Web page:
The Public/Private Debate in Education. Tim Hill Director of Studies, CEAS Director of Academic Development, Graduate School of Education. The English School System. Private (Independent) Sector Owned, funded and largely regulated privately by not-for-profit or for-profit organisations.
Director of Studies, CEAS
Director of Academic Development, Graduate School of Education
Private (Independent) Sector
Does anyone know the names of any famous English Public Schools?
The state became involved in providing education in the second half of the 19th century – initially elementary schooling, then secondary in the 20th century.
The broad range of fees at independent schools in 2005-2006 is as follows:
(5-7) NT$150,000 – 300,000 (Day)
(8 – 13) NT$240,000 – 600,000 (Day ) NT$600,000 – 900,000 (Boarding)
Secondary schools (11/13-18)
NT$400,000 – 1,000,000 (Day)
NT$1,000,000 – 1,500,000 (Boarding)
So, why are parents willing to pay so much for their child’s education when they could get it free?
Owned and regulated by local government – the Local Authority (LA)
Formerly LA schools but now owned and operated by the governing body or a charitable foundation.
Owned and regulated by a charitable foundation – mostly churches.
Owned by a charitable foundation, virtually all churches, but the LA regulates them and employs the staff.
City Technology Colleges
Independent all-ability, non fee-paying schools for pupils aged 11-18 funded directly by central government. Initial funding partly from private sponsors. Only 14 schools.
One in Bristol
Independent all-ability, non fee-paying schools for pupils aged 11-18 funded directly by central government but each is owned by a charitable company.
Established by sponsors from business, faith or voluntary groups working with the community.
They were originally set up as a way of bringing high-quality schools with heavy investment in facilities and technology to disadvantaged areas to replace failing schools.
Labour government has target of 200 by 2010. 27 open; 69 in development.
2 under development in Bristol.
Types of school
City Technology Colleges
Contracting-Out of Service Provision
Where schools or government buy services from external private sector providers rather than provide those services themselves.
The Rise of EMOs
Educational Management Organisations
For-profit and non-profit management companies engaged in providing services and “strategic partnerships” to public bodies providing education.
Vosper-Thorneycroft and Surrey County Council have formed a joint company to offer services to schools including: facilities management; human resource management; health & safety; curriculum.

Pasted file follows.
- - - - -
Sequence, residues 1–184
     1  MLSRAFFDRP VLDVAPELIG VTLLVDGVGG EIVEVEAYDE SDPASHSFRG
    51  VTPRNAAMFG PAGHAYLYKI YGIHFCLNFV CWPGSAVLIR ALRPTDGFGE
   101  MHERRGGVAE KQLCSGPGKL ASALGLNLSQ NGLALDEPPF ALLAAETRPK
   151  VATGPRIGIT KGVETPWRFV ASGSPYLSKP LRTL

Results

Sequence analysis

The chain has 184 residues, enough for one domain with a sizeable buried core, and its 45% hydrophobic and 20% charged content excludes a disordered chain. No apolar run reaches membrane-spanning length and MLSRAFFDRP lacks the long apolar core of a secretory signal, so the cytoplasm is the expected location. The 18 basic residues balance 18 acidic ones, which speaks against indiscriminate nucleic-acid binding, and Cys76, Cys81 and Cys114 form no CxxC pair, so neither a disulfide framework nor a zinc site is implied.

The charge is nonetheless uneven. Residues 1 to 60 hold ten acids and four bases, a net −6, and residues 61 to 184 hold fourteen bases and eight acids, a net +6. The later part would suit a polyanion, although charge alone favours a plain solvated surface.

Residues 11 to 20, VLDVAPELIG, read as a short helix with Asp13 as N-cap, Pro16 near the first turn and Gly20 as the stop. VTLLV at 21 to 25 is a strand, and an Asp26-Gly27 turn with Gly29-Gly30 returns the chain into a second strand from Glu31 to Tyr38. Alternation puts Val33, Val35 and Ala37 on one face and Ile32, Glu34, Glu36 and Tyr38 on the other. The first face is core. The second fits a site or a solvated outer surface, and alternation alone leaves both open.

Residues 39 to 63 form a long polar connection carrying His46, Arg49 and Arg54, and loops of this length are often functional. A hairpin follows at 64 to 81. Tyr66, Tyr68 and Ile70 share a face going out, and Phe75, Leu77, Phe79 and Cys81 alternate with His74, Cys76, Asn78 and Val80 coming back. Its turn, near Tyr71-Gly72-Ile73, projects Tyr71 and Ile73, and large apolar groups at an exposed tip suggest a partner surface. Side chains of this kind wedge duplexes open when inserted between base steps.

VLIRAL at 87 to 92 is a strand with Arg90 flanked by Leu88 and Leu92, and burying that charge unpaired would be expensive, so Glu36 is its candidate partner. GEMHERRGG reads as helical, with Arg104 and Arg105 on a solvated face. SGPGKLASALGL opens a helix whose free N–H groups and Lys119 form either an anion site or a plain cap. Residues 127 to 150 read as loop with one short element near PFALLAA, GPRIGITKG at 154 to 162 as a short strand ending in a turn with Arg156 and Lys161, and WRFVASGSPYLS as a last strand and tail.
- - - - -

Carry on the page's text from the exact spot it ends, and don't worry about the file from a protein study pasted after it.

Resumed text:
10 under-performing Local Authorities have private sector partners delivering some or all or their services under contract:
Bradford (Serco), Hackney (Nord Anglia),
Haringey (Capita), Islington (CEA), Leeds (Capita), Sandwell (Nord Anglia), Southwark (WS Atkins), Swindon (Tribal), Walsall (SercoCAA),
Waltham Forest (Nord Anglia/Amey).
According to the Department for Education and Skills:
PFI is a means of delivering better and more cost-effective public services by bringing the private sector more directly into the provision of the assets the public sector needs.
PFI is about more than just financing and accounting — it aims to exploit the full range of private sector management, commercial and creative skills.
Schools PFI projects involve LEAs buying asset-based services from the private sector such as school buildings, facilities such as sports halls or specific services including heating systems, ICT or catering equipment.
Usually the PFI contractor owns and operates the buildings/facilities/equipment, and would be able to generate income from commercial use outside school hours.
“Schools built by profit-making firms under a flagship public-private scheme are "significantly worse" in terms of space, heating, lighting and acoustics than new traditionally funded primaries and secondaries, a watchdog warned today.
The Audit Commission concluded that the early years of the Private Finance Initiative did not produce schools that were better designed and better value for money than ones built by councils that raised the money themselves.”
Voluntary Controlled Schools second half of the 19th century – initially elementary schooling, then secondary in the 20th century.
The Public-Private Continuum
Public Finance Initiatives
Voluntary Aided Schools
Academies & CTCs
The End second half of the 19th century – initially elementary schooling, then secondary in the 20th century.